dancing during brain breaks. Some of these guys dance better than I do!
singing our fluency songs/poems and adding hand motions to match them.
reading books. They enjoy both fiction and informational book.
reading, telling, and creating jokes. One of our favorite sites is Jokes by Kids.
They are good at...
sharing their opinions during writing.
explaining their thinking in math.
engaging in books they are reading and books I'm reading to them. Today I read aloud Mercy Watson to the Rescue by Kate DiCamillo and they loved it!
I love the way they...
help friends in need. They notice when friends are sad or hurt and show true concern for them.
volunteer to read with a friend who needs a partner so they don't feel left out.
offer to help friends who need assistance with tying a shoe, zipping a coat, putting away materials, or with where to write an answer.
Today A.F. said, "Mrs. Ruckes I have a letter that I want to read to you." "Yes, you may read it when we find a bit of extra time." I replied. About an hour later, during a transition from one subject to the next, he asked me again. "Can I read it now? I really want to read it to you." I agreed and he hurried to his backpack and returned with this letter. It is made like a "cutie catcher" (I think that's what you call them.) and it has four parts. This is how A.F. told me to read it:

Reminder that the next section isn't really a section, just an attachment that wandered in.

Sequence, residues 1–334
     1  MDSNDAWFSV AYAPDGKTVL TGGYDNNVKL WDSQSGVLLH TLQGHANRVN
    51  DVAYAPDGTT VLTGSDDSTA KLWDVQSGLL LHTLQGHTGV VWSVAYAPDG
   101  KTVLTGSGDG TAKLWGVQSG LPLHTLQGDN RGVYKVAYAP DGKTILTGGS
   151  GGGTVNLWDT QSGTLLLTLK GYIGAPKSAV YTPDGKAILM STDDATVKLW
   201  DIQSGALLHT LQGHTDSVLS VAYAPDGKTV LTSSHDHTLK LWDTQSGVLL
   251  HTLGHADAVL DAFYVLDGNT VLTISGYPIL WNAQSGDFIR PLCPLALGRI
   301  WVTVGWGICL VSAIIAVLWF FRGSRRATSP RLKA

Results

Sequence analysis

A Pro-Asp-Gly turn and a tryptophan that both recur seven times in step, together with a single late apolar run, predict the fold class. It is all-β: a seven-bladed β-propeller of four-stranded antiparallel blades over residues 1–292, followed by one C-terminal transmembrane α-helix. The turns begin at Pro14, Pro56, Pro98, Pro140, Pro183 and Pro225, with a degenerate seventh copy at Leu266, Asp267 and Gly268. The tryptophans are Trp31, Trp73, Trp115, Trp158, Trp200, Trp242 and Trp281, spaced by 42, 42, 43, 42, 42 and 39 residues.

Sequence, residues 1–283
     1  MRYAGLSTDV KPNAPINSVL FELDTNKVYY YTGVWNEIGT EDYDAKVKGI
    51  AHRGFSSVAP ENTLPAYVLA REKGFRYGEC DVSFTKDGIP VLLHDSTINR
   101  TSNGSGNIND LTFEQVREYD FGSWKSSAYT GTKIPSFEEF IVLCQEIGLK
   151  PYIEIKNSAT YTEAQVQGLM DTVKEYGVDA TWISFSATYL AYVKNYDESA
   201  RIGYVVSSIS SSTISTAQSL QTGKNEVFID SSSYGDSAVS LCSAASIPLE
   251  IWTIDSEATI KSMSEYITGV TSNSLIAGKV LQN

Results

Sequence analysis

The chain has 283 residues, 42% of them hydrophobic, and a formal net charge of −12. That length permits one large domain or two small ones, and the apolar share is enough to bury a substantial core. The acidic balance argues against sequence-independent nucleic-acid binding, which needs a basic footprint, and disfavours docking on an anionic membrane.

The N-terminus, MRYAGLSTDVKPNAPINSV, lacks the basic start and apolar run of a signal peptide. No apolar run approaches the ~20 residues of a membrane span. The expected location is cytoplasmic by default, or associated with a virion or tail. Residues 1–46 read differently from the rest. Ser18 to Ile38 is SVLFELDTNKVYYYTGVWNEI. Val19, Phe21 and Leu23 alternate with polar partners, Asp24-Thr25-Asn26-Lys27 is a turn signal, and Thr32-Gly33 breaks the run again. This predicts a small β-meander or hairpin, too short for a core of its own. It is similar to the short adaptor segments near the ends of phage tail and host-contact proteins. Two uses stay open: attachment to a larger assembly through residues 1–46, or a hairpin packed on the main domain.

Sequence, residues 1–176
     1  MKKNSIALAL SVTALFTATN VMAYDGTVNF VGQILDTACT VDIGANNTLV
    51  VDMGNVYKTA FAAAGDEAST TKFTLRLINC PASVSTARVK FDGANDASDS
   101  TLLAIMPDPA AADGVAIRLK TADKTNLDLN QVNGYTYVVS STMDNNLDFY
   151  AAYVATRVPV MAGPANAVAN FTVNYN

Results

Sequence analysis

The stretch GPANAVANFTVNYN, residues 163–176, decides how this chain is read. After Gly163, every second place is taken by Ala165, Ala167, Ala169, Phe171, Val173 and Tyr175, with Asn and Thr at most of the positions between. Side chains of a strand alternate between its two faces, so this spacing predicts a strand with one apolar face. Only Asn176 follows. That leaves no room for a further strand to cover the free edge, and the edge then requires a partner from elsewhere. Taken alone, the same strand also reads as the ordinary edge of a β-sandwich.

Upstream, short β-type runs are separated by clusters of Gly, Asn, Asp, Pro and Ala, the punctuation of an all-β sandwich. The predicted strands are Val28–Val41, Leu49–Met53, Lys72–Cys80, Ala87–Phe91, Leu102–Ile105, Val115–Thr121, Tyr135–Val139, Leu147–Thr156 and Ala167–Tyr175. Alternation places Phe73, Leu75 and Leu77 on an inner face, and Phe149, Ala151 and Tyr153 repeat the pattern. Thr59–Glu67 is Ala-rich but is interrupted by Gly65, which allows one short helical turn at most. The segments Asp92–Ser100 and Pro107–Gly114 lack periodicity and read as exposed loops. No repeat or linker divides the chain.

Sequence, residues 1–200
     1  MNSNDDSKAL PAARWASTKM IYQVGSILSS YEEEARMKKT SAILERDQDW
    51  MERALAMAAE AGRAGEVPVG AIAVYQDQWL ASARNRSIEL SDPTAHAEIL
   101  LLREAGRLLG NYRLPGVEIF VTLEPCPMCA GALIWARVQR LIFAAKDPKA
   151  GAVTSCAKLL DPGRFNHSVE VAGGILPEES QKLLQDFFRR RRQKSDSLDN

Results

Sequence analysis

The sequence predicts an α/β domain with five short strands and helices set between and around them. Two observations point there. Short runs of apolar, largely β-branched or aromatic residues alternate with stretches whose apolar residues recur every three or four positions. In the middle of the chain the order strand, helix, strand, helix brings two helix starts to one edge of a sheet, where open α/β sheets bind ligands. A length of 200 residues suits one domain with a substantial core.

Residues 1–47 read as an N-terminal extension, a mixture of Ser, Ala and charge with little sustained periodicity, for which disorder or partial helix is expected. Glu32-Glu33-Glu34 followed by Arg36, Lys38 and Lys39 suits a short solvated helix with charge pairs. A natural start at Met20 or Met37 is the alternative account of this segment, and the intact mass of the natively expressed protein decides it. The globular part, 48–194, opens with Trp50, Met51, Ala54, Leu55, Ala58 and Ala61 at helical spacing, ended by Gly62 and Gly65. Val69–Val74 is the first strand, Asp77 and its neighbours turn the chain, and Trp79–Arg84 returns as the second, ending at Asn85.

Start with the part that says "first" - underneath that flap was written: Dear Mrs. Ruckes
Next, read the part that says "second" - underneath that flap was written: I think that you
Next, read the parted that says "third" - underneath that flap was written: are the best
Finally, read the part that says "fourth" - underneath that flap was written: teacher in the world! A.F.
All I could do was smile a gigantic smile (and thank him). Then he asked me if I would take it to lunch and show it to all the other teachers and of course...I did!
|My letter from A.F.|